The fate of the Colorado River is becoming more uncertain. Learn how this puts your winter vegetables at risk and how protecting Yuma's agricultural water means food security for the nation!
Check out this video produced by our partners, Yuma Fresh Vegetables Association!
Place your cell phone camera over the QR Code and a window will pop up! Click on the pop up window and it will take you to the YUMA "The Winter Salad Bowl" Video!
"We are about out of time here. 2-3 more years like the last 2 years and we are all going to be in deep jeopardy in the Lower Basin".
Tom Davis, President of the Agribusiness & Water Council of Arizona and General Manager of the Yuma County Water Users' Association
Over years and decades, we can convince ourselves we did the right thing about making hard decisions and everything has caught up with us now. The Colorado River is in crisis. There is an emergency need of two-to-four-million-acre feet of water in storage to save the river.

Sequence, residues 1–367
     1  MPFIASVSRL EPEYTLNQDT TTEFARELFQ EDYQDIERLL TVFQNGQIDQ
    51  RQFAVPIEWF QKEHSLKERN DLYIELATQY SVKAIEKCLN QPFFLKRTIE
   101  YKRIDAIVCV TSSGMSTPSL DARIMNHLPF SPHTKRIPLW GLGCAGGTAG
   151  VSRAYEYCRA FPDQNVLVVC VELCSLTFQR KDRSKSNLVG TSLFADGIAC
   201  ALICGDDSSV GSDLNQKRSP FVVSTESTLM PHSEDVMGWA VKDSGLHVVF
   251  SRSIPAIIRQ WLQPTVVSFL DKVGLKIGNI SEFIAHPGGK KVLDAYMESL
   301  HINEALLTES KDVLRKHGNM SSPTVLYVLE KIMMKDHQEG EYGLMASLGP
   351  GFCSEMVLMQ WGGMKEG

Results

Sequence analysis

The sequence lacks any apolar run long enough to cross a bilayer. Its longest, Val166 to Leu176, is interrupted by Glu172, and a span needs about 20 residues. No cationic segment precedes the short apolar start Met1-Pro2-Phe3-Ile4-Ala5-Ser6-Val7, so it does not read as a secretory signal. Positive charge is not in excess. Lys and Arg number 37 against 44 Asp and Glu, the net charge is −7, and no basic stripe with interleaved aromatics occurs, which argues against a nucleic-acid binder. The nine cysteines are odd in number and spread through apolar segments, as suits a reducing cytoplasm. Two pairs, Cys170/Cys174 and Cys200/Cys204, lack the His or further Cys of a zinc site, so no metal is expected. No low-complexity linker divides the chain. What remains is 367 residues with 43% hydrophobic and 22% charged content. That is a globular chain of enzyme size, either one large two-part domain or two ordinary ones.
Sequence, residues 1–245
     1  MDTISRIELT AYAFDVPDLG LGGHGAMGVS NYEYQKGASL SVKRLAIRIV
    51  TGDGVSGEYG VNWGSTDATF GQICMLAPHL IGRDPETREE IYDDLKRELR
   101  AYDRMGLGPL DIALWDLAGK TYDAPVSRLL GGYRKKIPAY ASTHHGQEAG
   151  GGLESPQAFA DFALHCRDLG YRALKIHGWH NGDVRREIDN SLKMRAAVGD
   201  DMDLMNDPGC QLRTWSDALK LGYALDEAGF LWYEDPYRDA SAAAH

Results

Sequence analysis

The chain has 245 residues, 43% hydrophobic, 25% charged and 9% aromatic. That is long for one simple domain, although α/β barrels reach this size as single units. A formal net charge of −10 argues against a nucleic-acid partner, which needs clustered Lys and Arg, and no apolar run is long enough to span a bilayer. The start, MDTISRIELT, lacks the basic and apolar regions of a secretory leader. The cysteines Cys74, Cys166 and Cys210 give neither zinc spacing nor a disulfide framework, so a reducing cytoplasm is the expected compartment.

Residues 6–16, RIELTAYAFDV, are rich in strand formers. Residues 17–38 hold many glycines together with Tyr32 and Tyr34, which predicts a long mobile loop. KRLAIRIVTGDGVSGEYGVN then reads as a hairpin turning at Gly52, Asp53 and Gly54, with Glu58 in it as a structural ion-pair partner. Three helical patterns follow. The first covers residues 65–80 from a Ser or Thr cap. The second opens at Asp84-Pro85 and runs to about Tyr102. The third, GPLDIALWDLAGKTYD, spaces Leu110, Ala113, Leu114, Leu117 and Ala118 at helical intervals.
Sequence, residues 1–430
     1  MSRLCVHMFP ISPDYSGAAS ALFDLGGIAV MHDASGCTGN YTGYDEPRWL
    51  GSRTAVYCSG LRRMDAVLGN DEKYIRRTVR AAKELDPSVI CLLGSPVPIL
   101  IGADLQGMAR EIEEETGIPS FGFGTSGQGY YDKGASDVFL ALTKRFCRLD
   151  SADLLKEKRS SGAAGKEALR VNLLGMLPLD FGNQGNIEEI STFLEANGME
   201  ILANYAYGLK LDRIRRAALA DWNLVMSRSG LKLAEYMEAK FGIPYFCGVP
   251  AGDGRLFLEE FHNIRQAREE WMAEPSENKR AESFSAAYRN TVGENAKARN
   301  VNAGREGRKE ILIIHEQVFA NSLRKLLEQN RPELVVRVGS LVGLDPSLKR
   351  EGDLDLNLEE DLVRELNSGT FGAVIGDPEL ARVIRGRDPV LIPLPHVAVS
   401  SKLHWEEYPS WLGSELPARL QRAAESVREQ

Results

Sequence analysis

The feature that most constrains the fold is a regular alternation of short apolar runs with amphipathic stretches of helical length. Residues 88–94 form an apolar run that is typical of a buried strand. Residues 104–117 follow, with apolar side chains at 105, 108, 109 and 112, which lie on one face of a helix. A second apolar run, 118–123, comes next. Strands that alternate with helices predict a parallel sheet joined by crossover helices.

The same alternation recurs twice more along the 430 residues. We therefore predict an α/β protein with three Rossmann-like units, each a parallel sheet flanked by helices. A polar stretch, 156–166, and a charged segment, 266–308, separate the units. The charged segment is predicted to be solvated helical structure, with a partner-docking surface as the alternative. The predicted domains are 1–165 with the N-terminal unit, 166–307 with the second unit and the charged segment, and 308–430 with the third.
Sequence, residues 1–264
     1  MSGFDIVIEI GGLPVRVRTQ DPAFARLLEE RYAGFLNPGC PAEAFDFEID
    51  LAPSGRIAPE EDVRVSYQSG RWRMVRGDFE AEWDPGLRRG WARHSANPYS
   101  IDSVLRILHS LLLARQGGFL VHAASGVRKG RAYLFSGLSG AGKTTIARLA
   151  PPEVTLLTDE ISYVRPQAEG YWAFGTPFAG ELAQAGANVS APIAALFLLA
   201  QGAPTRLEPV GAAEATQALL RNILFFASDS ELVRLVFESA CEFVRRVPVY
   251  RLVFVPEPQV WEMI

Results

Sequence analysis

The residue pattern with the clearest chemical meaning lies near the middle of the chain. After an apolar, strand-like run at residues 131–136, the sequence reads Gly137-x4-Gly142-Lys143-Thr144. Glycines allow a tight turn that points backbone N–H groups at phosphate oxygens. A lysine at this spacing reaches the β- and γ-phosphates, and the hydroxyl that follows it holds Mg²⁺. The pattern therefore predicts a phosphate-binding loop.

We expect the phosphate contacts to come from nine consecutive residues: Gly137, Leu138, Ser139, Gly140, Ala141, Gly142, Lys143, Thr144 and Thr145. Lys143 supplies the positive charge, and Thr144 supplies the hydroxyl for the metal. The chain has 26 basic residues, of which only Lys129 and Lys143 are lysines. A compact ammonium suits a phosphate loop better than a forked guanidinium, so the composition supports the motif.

In recognition of the realities of a crashed river, what would be the impact on our industry, region and our country? The Yuma growing area provides the United States with 90% of its leafy green winter vegetables. That production cannot be replicated anywhere else.
Growers would give up and reduce their water orders by 1-acre-ft per acre, leaving water behind the dam in Lake Mead. They will consider a high value for doing this. Growers will take the compensation and put back into the ground to produce near or as much as they produce now.
This is NOT a fallowing program.
To stay up to date on the elevation at Lake Mead at Hoover Dam, the Bureau of Reclamation posts End of the Month Elevation (Feet).
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